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Introduction

Urinary tract infection (UTI) exists when bacteria adhere, multiply, and persist in a portion of the urinary tract. UTI causes vascular damage to the urinary bladder and decrease the competence of the kidney’s functions, with subsequent conflicts in protein, acid–base, water and solute homeostasis and in the excretion of metabolic end products. When the kidneys can no longer regulate body fluid and solute composition, renal failure occurs and consequently loss of affected animals (Carlton & Mc Gavin, 2001; McGavin & Zachary, 2007; Radostits et al., 2007).

The vulva may play an important role as the portal of entry of bovine urinary infection. Conditions that lead to damage to mucosa in the lower portion of the urinary tract, such as post-parturient diseases or catheterization, may predispose the cow to pyelonephritis (Markusfeld et al., 1989; Rebhun et al., 1989). Cystitis, urethritis and pyelonephritis in cattle most commonly result from ascending urinary tract infection with Corynebacterium renale, Corynebacterium cystidis, Corynebacterium pilosum or Escherichia coli (Rebhun et al., 1989; Mills-Wallace et al., 1990; Yeruham et al., 1999; Yeruham et al., 2006). Less common causative organisms include various coliform species (Mills-Wallace et al., 1990).

Cystitis and urethritis are more common in the female camel because of a shorter urethra and the possibility of retrograde invasion by bacteria (Fowler, 1999). The most important predisposing factors for cystitis are ureterolithiasis, bladder paresis and urine stagnation. The bacterial infection cause cystitis mainly comes from ascending or descending route or may also occur by expansion from neighboring organs (Sastry, 1999).

Bacterial infection of the lower urinary tract is usually associated with signs of pollakiuria, dysuria, stranguria, hematuria, and inappropriate urination (Bartges, 2007).

Urine analysis is one of the most important diagnostic tests that can help localize disease, determine causes of discolored urine and identify inflammatory diseases of the urinary system (Pugh, 2002). Urine culture is very essential to determine the type of bacterial infection (Radostits et al., 2007); however, the culture takes at least 2 days to get a result with subsequent delay in the onset of treatment.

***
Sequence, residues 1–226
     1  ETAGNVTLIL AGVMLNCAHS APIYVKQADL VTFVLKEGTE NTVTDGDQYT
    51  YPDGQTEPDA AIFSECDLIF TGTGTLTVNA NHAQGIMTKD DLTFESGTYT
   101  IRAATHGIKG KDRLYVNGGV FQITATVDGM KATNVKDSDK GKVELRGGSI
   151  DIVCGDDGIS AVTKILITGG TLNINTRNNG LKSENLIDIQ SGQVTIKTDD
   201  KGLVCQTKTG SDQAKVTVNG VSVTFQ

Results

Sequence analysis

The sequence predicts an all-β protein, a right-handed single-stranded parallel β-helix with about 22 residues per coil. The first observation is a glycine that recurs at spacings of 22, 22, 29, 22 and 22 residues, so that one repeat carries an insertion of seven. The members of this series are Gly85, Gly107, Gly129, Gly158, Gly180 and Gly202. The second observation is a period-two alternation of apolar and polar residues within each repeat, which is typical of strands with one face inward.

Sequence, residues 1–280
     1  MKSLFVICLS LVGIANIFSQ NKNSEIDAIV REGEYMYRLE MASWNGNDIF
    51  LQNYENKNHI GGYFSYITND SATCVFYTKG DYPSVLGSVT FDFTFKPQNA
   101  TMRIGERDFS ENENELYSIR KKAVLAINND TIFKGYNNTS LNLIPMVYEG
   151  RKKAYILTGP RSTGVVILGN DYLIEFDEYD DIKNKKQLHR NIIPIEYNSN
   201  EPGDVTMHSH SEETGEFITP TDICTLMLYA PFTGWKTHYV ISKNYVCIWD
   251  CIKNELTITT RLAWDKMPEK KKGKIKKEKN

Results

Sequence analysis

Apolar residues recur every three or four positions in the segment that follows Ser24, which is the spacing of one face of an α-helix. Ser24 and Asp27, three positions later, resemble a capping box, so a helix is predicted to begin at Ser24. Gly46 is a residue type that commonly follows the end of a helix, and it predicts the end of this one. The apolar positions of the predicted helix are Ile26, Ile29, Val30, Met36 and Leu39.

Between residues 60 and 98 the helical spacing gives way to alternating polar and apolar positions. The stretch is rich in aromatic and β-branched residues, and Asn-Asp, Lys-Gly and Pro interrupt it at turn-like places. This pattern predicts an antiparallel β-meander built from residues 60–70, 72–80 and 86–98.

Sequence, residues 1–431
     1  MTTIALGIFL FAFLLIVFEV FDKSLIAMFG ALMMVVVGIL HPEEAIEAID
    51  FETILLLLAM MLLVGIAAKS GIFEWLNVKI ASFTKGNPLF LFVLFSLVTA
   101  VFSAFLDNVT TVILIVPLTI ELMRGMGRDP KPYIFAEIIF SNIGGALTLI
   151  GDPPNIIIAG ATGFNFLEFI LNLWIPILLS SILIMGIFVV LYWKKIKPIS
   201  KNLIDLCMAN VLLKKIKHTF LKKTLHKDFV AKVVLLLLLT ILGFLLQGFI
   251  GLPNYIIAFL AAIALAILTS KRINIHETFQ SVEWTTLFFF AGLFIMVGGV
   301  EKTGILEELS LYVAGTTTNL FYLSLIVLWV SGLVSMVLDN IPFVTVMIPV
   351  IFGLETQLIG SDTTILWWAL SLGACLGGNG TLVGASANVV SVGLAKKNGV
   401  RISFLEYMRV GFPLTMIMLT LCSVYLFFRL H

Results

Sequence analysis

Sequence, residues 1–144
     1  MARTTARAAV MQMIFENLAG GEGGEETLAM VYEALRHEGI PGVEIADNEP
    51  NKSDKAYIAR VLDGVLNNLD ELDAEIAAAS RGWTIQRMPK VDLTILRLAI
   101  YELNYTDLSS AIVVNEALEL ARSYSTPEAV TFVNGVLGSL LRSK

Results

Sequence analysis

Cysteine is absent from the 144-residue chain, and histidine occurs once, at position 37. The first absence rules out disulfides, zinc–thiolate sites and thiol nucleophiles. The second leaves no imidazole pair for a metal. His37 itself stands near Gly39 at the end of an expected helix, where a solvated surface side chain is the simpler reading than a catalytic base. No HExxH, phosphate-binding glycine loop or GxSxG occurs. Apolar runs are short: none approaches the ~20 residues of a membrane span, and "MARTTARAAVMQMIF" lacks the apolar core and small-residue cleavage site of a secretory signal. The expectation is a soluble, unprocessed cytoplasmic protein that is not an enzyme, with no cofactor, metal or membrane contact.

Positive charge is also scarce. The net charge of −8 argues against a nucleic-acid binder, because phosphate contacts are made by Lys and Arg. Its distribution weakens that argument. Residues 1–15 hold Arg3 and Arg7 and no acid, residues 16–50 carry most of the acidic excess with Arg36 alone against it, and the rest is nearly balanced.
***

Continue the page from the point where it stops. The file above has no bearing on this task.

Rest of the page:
A variety of oxidation products are found in urine and thought to mirror local and systemic oxidative stress (Kirschbaum, 2001). Acute terms of various diseases accompany many inflammatory conditions and influence the endogenous antioxidant enzyme activities. UTI may cause an oxidative stress, and also the antioxidant enzymes measured quantitatively were depleted in response to oxidative stress (Kurutas et al., 2005). Kirschbaum (2001) reported that total antioxidant enzyme activity was lower in patients with acute renal disease compared to those of control urine specimens. UTI may cause oxidative stress by consuming urinary antioxidant enzymes and it is possible to say that urinary antioxidant enzymes are not enough to prevent the oxidative stress in UTI (Kurutas et al., 2005). The authors declared that, overproduction of free radicals generated during infection may lead to the low levels of antioxidant enzymes. Urinary malondialdehyde (MDA) is found in increased quantities in some diseases such as thalassemia, renal failure, and pancreatic disease (Kang et al., 2001). Urinary MDA level was 4.75 times higher in positive urine cultures compared to negative urine cultures and may indicate the existence of oxidative stress (Kurutas et al., 2005). The same authors stated that MDA test can be obtained before the results of cultures taken in urinary tract infection; it may be used as an ancillary diagnostic tool and may contribute to the initiation of treatment without waiting for the culture results.